Turner: From Heavy, To Marathoner

"Overweight" is not a word that people often associate with Miss America.
But according to The Early Show veterinary contributor Debbye Turner, who won the crown in 1990, her weight always has been an issue in her life.

Recently, she decided to do something about it.

"Since I hit puberty, I have struggled with my weight," she says. "And I have never been as active as I should have been.

"I starved myself to get to a weight. I stayed at that weight for one day, the day I became Miss America. And the next day, I started gaining all that weight back. I ate cheeseburgers every day for a full two weeks after I won Miss America."

Issues with weight run in Debbye's family. Her mother struggled with obesity until her death 10 years ago and, ironically, her weight caused Debbye to gain more weight herself.

"I started gaining this weight -- and I don't use this as an excuse, but just simply as a reality -- shortly after my mother died. That was just an emotional cataclysmic event in my life. And I think I just sort of had that, 'Well, why not? (attitude).'" You know, 'Why not eat more?' And my weight just slowly began to creep up."

Debbye was never obese, but her bad eating habits resulted in a 30-pound weight gain.

Eleven months ago, Debbye decided she had to lose weight for her health, not her beauty.

"Diabetes runs on both sides of my family," she says. …"These real health issues -- the diabetes, the knee problems, the back problems, the high blood pressure, heart disease -- were going to all become a reality for me."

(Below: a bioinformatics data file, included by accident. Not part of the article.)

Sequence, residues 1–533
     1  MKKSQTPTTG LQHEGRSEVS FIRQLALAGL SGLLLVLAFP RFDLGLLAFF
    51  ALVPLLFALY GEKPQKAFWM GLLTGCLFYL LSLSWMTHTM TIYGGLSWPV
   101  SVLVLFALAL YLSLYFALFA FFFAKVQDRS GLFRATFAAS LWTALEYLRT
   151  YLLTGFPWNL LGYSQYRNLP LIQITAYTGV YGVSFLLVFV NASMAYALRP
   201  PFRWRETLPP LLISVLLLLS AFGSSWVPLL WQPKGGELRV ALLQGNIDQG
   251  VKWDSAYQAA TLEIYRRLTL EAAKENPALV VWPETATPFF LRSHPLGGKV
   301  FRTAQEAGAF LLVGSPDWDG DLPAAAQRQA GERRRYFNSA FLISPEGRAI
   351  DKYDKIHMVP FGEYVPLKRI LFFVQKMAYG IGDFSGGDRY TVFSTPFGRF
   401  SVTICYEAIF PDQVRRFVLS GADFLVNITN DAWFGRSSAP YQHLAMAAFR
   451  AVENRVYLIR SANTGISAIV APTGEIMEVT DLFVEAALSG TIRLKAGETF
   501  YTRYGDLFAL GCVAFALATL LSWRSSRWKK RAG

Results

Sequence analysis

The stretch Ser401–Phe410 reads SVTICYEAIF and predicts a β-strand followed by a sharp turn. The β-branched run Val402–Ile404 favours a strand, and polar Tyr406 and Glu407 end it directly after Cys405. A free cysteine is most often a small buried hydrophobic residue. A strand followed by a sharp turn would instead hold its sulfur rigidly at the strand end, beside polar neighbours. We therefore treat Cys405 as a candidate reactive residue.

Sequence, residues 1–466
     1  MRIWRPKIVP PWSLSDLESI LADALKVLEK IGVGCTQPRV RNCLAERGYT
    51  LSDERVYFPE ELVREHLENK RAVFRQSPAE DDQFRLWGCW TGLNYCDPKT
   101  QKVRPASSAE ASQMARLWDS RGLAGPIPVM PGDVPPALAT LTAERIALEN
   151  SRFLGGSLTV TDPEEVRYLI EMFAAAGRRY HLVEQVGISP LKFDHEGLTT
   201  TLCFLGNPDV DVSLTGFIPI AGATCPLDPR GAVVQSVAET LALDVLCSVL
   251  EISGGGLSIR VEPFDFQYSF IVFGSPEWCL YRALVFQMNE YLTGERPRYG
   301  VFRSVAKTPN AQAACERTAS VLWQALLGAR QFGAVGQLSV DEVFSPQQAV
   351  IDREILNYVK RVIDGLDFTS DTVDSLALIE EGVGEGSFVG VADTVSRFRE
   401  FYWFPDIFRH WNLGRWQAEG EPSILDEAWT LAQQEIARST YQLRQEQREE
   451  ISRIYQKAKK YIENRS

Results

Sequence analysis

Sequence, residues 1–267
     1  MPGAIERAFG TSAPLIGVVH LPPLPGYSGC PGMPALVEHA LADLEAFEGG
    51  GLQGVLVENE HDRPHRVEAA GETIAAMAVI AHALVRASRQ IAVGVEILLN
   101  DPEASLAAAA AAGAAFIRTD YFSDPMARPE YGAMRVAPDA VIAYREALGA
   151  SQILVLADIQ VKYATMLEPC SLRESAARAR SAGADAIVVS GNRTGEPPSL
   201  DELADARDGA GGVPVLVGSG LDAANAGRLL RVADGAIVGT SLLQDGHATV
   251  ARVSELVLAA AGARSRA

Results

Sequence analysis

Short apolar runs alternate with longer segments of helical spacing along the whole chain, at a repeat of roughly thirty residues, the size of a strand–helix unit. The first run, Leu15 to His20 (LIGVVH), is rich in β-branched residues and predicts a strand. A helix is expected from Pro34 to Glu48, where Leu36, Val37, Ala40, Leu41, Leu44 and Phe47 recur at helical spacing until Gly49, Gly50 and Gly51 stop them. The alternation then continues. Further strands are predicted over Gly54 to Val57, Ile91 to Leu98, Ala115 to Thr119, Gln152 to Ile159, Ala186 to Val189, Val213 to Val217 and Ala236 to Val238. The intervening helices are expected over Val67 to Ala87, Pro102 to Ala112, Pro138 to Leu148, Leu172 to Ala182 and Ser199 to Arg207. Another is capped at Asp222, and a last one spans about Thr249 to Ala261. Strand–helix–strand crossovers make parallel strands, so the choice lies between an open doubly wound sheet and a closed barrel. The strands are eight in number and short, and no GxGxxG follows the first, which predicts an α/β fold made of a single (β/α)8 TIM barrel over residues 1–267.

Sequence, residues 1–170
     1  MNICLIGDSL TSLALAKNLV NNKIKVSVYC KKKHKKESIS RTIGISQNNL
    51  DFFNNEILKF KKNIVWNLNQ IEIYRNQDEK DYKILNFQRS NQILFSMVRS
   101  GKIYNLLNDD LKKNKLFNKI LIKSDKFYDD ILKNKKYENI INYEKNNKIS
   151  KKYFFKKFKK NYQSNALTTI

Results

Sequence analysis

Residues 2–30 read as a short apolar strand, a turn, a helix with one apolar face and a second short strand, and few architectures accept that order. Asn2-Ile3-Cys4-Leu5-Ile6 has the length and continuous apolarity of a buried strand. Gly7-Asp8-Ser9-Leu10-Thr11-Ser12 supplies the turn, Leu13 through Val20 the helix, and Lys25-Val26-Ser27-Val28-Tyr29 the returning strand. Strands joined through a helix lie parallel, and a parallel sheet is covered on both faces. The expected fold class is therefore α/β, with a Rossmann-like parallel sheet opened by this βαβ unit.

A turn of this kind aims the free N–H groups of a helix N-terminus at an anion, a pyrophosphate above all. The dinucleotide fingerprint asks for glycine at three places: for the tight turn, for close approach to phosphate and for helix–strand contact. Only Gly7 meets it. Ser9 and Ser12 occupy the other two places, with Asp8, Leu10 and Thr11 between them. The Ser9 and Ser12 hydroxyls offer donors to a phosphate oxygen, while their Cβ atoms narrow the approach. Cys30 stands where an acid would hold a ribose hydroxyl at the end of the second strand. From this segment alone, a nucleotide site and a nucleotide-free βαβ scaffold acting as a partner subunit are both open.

So Debbye set up a goal of training for and completing her first marathon, one step at a time.

Debbye has come to realize that no one needs to be Miss America thin, but everyone should strive to be everyday healthy.

"I do not want to send a message that what's important is to be thin and to wear a size two," she stresses. "It's not the size of the clothing that's my goal. It's about being strong and fit and putting the right fuel in my body."

Debbye feels she is winning her mother's fight. She says she thinks about her mom "every second. I know she's proud of me because I know she struggled with this her entire adult life. And she didn't resolve it.

"But I know that she would be proud that, before it's too late and before I have to go through real health issues, that I'm finally resolving this and taking control of my health. I hurt, but I'm happy."

Turner finished the New York Marathon last weekend, in 6 hours, 12 minutes.

"It's been an amazing journey because it helped me literally take control of my life," she notes. "I'm going to do another one," she adds.

"I had nothing special," she concludes. "When I started back in April, I barely could run two miles, but, in little steps, I did it on my own. Anybody can do it."
Turner wants to share this personal message:

I invite you to join me in celebrating the life of Gussie Turner. Would you make a donation to the Gussie Turner Memorial Scholarship fund to help a worthy student fulfill their educational goals? My mother's last job was as an academic counselor at Arkansas State University. I cannot count the number of her former students that credit my mom for their success. Please help me keep her legacy alive with a generous donation to her scholarship fund. A donation of any amount would be greatly appreciated. Since my mother literally poured out her life for others, I know you will do your absolute best in your giving.

Make checks payable to ASU Foundation-Gussie Turner Memorial Scholarship and send to:

Office of Development
Arkansas State University
P.O. Box 1990
State University, AR 72467-1990
  • Brian Dakss

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